Lawrence Weschler in Conversation with Walter Murch
Berkeley Arts & Letters Presents
UNCANNY VALLEY: Adventures in the Narrative
In a wide-ranging discussion with WALTER MURCH
Weschler has collected the best of his narrative nonfiction from the past fifteen years. The title piece surveys the hapless efforts of digital animators to fashion a credible human face, the endlessly elusive gold standard of the profession. Other highlights include profiles of novelist Mark Salzman, as he wrestles with a hilariously harrowing bout of writer's block; the legendary film and sound editor Walter Murch, as he is forced to revisit his work on Apocalypse Now in the context of the more recent Iraqi war film Jarhead; and the artist Vincent Desiderio, as he labors over an epic canvas portraying no less than a dozen
With his signature style and endless ability to wonder, Weschler proves yet again that the "world is strange, beautiful, and connected" (The Globe and Mail), demonstrating his matchless ability to analyze the marvels he finds in places and people and offers us a new, sublime way of seeing the world.
Lawrence Weschler is regarded as one of the leading practitioners of literary nonfiction. His essays have appeared in The New Yorker for over twenty years, and his series of "Convergences" is a regular feature in McSweeney's Quarterly. The recipient of a Lannan Literary Award and the National Book Critics Circle Award for Criticism, he is the author of Seeing Is Forgetting the Name of the Thing One Sees: Over Thirty Years of Conversations with Robert Irwin. True To Life: Twenty-Five Years of Conversations with David Hockney, Everything That Rises: A Book of Convergences. and Mr. Wilson's Cabinet of Wonder, among many other books; he currently teaches at New York University.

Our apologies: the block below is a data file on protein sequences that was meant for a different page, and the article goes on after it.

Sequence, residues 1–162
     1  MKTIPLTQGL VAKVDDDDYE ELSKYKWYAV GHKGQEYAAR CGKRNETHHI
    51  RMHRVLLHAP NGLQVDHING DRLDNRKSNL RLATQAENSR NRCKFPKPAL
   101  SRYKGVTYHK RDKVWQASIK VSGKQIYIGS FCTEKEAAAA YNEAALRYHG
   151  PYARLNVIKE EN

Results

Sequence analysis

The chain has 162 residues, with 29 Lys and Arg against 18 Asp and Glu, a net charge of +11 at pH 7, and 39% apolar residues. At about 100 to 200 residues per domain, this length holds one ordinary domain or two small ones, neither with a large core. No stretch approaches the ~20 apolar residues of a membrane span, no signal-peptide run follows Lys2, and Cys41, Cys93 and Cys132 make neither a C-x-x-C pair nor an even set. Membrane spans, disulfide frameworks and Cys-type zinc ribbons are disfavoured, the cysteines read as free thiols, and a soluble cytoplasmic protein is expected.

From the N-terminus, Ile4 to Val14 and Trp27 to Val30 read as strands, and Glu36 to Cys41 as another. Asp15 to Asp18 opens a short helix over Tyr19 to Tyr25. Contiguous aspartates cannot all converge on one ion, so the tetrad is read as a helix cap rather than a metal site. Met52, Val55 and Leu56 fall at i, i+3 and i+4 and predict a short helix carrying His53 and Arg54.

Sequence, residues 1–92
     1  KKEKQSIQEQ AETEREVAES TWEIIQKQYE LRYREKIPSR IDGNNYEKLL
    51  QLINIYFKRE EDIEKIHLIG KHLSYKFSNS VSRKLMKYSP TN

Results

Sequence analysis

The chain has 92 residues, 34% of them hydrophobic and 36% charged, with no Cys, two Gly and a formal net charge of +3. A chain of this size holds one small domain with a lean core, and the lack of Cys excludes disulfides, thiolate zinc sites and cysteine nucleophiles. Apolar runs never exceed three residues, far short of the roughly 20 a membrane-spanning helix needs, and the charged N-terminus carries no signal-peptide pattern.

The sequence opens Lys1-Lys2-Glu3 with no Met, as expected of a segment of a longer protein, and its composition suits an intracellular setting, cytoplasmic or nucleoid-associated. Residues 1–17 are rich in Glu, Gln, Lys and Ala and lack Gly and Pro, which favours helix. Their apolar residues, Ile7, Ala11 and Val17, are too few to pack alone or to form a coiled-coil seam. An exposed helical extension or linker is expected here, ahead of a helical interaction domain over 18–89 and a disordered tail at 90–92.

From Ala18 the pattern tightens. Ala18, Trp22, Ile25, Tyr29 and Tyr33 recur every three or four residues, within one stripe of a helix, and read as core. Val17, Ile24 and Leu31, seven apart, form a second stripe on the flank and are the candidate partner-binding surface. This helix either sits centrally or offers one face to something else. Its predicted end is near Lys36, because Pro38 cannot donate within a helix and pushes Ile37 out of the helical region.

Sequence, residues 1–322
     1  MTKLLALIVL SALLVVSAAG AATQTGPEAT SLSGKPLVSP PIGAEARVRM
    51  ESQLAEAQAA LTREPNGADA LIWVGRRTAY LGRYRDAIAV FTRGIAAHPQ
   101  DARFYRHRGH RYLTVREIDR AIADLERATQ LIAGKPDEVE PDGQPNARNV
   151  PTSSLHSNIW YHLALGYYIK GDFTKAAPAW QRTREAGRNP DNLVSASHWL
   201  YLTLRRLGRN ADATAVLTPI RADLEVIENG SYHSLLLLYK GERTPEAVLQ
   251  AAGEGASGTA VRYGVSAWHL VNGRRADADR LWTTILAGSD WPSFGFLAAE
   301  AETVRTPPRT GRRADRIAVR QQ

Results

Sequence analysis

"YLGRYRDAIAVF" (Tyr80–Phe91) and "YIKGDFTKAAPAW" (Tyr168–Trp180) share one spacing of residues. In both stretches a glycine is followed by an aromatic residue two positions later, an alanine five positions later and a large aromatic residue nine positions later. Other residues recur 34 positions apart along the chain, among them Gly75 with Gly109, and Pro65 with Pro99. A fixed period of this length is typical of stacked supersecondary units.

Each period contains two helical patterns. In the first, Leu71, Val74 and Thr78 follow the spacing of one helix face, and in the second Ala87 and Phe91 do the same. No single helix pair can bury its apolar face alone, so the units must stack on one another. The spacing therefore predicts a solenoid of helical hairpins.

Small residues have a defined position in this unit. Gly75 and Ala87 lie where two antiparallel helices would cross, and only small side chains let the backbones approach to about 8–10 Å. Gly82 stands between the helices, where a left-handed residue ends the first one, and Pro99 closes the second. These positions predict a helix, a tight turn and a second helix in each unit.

Walter Murch has been editing sound in Hollywood since starting on Francis Ford Coppola's film The Rain People (1969). He edited sound on American Graffiti (1973) and The Godfather: Part II (1974), won his first Academy Award nomination for The Conversation (1974), won his first Oscar for Apocalypse Now (1979), and won an unprecedented double Oscar for sound and film editing for his work on The English Patient (1996). More recently he helped reconstruct Touch of Evil (1958) to Orson Welles' original notes, and edited The Talented Mr. Ripley (1999). Mr. Murch was, along with George Lucas and Francis Coppola, a founding member of northern California cinema. As an editor and sound man he is one of the few universally acknowledged masters in his field. He is the author of In the Blink of an Eye.
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Hillside Club (View)
2286 Cedar Street
Berkeley, CA 94709
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